G. B. Shaw’s friend, Fabian Society leader Sidney Webb, married Beatrice, daughter of Richard Potter, a wealthy financier with international connections who was chairman of the Great Western and Grand Trunk Railways of England and Canada. Beatrice was also a close friend of Rothschild associate and Conservative Prime Minister Arthur Balfour. Rothschild and Balfour were founding members of the Round Table, of which my grandfather was reputedly one of the two leading financial backers in Britain, during the 1930s, ’40s, & ’50s.
Afore-mentioned David Astor, alleged MI6 agent and editor of the UK paper The Observer, was the grandson of William Waldorf (the first). He lobbied for the release of Myra Hindley in the 1970s along with Lord Longford. My grandfather visited Hindley in jail and my brother wrote letters to her. Astor was also affiliated with the Round Table Group. According to author Stephen Dorril, Astor
“created the Europe Study Group to look at the problems of Europe and the prospects for a non-nationalist Germany. At the core of the group were a number of emigré Germans destined to play a role in the European Movement, such as the future leader [sic] writer on the Observer, Richard ‘Rix’ Lowenthal. Interviewed for recruitment by MI6, Astor was turned down for a full-time post but was subsequently used by MI6 officer Lionel Loewe to establish contact with the German opposition. Employed as the press officer in Lord Mountbatten’s Combined Operations Headquarters in London, Astor continued with his group, which drew on the ideas of the Cecil Rhodes-inspired Round Table Group and its belief that ‘the British Empire should federate.’”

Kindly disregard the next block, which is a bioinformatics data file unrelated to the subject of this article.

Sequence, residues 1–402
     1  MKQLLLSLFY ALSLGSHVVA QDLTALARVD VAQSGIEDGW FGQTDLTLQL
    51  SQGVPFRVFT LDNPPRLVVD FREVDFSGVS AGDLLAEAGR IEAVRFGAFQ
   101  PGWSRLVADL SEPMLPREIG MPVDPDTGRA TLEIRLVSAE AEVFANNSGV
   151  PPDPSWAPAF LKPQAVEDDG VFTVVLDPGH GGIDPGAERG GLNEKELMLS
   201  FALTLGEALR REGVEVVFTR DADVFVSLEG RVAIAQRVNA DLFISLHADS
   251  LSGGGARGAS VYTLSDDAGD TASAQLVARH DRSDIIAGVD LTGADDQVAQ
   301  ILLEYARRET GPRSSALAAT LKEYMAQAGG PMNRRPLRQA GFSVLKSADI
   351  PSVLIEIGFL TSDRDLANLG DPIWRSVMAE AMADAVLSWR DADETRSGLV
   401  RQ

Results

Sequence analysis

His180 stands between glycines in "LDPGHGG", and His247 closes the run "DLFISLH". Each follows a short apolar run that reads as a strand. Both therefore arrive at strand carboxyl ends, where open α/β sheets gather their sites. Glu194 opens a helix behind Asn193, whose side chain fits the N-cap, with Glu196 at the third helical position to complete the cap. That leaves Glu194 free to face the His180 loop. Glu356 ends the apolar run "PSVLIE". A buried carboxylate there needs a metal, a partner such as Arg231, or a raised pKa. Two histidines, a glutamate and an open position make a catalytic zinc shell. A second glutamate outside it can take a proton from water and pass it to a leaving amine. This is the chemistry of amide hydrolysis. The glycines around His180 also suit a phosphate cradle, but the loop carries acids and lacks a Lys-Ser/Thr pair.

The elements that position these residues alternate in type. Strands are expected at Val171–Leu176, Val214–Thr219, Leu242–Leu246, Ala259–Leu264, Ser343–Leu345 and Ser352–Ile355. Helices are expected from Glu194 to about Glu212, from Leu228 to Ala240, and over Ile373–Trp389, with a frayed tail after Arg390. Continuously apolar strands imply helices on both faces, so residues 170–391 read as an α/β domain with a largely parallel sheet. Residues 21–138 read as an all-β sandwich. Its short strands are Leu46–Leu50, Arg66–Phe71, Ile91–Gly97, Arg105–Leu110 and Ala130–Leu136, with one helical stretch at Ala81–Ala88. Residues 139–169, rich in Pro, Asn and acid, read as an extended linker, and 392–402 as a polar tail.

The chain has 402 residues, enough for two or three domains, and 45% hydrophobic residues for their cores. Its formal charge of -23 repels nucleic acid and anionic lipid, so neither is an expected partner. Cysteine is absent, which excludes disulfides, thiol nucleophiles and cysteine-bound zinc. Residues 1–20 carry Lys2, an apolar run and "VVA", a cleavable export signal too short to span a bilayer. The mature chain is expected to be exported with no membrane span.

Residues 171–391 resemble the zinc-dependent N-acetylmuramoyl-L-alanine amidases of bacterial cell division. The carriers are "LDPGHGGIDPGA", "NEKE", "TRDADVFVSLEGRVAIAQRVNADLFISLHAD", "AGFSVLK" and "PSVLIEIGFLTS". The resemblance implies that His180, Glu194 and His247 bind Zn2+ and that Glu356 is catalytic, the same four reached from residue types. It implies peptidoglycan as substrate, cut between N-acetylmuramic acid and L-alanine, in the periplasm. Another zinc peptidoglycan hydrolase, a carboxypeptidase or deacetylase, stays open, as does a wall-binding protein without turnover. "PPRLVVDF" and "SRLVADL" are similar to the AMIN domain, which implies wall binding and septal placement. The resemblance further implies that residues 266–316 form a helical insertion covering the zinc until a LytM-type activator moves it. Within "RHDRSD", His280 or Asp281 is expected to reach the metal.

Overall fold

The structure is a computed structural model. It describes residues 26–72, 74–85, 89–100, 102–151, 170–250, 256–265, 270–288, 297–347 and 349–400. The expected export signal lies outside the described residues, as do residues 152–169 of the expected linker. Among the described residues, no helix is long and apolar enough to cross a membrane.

This places my grandfather squarely in the circles of the Round Table Group, and, by inevitable extension, MI6. The shared interests alone (leaving aside the uses Alec was putting his money to) make them inevitable bedfellows. Yet these interests appear to have little to do with socialism, at least as I grew up understanding it.